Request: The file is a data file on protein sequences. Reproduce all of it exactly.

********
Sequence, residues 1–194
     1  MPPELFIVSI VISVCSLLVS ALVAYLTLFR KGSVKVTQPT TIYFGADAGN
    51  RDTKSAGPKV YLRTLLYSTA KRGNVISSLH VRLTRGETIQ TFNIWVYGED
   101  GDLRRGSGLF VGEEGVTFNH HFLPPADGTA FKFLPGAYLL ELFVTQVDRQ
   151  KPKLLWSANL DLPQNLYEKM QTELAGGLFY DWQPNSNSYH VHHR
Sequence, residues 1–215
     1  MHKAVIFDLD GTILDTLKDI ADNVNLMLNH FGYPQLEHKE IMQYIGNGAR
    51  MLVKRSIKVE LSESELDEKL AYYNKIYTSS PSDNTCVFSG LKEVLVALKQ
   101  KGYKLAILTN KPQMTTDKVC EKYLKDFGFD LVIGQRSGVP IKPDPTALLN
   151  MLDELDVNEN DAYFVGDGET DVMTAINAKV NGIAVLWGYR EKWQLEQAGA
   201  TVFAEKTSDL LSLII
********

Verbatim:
Sequence, residues 1–194
     1  MPPELFIVSI VISVCSLLVS ALVAYLTLFR KGSVKVTQPT TIYFGADAGN
    51  RDTKSAGPKV YLRTLLYSTA KRGNVISSLH VRLTRGETIQ TFNIWVYGED
   101  GDLRRGSGLF VGEEGVTFNH HFLPPADGTA FKFLPGAYLL ELFVTQVDRQ
   151  KPKLLWSANL DLPQNLYEKM QTELAGGLFY DWQPNSNSYH VHHR
Sequence, residues 1–215
     1  MHKAVIFDLD GTILDTLKDI ADNVNLMLNH FGYPQLEHKE IMQYIGNGAR
    51  MLVKRSIKVE LSESELDEKL AYYNKIYTSS PSDNTCVFSG LKEVLVALKQ
   101  KGYKLAILTN KPQMTTDKVC EKYLKDFGFD LVIGQRSGVP IKPDPTALLN
   151  MLDELDVNEN DAYFVGDGET DVMTAINAKV NGIAVLWGYR EKWQLEQAGA
   201  TVFAEKTSDL LSLII